If you’re a small business owner, you know the importance of tracking fluctuations in revenue vs. profit. It gives you important information about your business, and helps you project potential for growth in the future.
But, since these terms are often used together, , you may not understand the true difference in revenue vs. profit. For example, does revenue include costs of materials? Is revenue before or after expenses? In this article, we’ll take a close look at both terms to help you get a clearer understanding of each and the key differences between them so you can more easily evaluate these important business metrics.
The basics of profit vs. revenue
If you’re going to gain a better understanding of the relationship between profit vs. revenue, you’ve first got to cover the basics. So, what do each of these terms mean, and how can they inform your understanding of your business?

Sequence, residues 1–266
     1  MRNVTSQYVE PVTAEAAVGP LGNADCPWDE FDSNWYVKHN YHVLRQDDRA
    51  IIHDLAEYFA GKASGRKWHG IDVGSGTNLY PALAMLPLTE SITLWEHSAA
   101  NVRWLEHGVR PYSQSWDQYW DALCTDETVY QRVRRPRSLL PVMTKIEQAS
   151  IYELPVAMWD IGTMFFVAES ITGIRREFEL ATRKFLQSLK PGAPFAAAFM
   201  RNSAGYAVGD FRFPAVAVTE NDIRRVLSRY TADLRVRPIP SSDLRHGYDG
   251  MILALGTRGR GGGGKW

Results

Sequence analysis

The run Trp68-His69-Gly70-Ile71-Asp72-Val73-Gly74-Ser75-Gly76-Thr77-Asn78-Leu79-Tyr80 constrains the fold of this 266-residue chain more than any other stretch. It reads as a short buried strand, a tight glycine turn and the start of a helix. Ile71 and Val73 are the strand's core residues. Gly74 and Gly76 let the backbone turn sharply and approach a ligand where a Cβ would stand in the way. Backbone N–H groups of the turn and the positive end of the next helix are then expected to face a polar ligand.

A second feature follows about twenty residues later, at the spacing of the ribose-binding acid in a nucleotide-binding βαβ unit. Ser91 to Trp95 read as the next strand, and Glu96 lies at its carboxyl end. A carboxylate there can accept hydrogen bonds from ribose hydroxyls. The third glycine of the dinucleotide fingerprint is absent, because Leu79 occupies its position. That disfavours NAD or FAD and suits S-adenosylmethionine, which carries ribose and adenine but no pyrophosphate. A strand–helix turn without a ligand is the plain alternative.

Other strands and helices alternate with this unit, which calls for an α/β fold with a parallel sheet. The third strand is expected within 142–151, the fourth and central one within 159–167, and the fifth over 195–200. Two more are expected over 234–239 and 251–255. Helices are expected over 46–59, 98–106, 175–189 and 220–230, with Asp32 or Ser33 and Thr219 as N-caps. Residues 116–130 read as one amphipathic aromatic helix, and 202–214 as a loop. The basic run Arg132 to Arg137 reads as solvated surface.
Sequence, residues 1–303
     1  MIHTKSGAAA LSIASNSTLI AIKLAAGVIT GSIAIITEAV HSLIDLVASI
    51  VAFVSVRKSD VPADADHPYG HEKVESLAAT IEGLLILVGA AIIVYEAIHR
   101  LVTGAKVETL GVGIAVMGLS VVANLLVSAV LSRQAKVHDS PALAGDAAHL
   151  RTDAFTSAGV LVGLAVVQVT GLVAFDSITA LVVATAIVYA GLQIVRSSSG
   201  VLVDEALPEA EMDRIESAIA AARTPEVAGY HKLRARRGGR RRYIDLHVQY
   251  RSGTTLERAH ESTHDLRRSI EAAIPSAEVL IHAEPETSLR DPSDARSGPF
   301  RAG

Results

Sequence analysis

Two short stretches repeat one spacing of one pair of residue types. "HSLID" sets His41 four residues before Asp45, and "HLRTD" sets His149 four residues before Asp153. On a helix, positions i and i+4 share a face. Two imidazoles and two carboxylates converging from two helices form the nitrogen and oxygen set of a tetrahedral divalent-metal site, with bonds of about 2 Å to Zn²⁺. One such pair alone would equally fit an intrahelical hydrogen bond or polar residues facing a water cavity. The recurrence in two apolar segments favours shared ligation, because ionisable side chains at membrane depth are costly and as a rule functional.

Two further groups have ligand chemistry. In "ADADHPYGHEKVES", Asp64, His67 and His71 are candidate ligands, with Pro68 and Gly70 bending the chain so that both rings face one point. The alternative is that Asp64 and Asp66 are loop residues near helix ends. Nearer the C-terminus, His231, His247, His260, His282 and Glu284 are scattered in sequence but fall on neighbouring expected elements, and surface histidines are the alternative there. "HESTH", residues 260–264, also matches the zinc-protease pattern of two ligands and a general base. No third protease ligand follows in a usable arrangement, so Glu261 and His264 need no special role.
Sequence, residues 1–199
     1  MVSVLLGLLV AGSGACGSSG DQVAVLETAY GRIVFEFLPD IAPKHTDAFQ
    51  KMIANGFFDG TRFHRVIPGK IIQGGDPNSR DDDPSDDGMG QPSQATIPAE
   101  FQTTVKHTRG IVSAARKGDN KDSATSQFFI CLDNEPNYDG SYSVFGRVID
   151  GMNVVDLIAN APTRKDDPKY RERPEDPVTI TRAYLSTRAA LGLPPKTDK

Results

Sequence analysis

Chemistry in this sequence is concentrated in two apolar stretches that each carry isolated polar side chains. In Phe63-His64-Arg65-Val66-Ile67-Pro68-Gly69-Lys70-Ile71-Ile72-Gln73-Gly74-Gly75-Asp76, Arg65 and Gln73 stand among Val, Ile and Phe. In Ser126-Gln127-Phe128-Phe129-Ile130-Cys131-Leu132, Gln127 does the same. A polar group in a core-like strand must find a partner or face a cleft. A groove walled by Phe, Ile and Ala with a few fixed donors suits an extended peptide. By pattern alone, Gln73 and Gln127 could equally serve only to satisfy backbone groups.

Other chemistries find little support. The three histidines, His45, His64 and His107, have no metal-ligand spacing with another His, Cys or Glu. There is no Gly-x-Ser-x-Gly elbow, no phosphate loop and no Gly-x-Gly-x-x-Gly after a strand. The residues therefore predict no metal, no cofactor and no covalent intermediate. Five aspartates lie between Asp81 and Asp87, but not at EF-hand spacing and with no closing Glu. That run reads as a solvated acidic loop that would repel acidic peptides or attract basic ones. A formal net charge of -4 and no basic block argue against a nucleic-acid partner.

- Revenue: This metric represents a business’s total generated income through the goods they sell or the services they provide, without consideration of all the costs involved in getting there.
- Profit: This metric is your business’s net income—the amount of money you’ve earned after taking into account your expenses for the month or year.
While the numbers are both telling you information about your income, there are important differences between the two that you need to keep in mind when evaluating your income statements.
The 4 differences between revenue and profit
Now that we’ve got a foundational understanding of these two terms, let’s take a closer look at the key distinctions between revenue and profit, why these differences matter, and what the different numbers can tell you about the state of your business.
Revenue is the total amount of money coming into your business through the sale of goods and services, as well as any other income-generating activities that may be included in your business model based on your industry and expertise. It’s also referred to as “net sales” in some instances. Here are four key factors to consider when it comes to revenue vs. profit:
- Formula: In order to calculate your business’s average revenue, simply multiply the total number of sales by the average cost of goods or services. In practice, this means you’re looking at the number of units sold and the sale price, minus any returns or refunds made.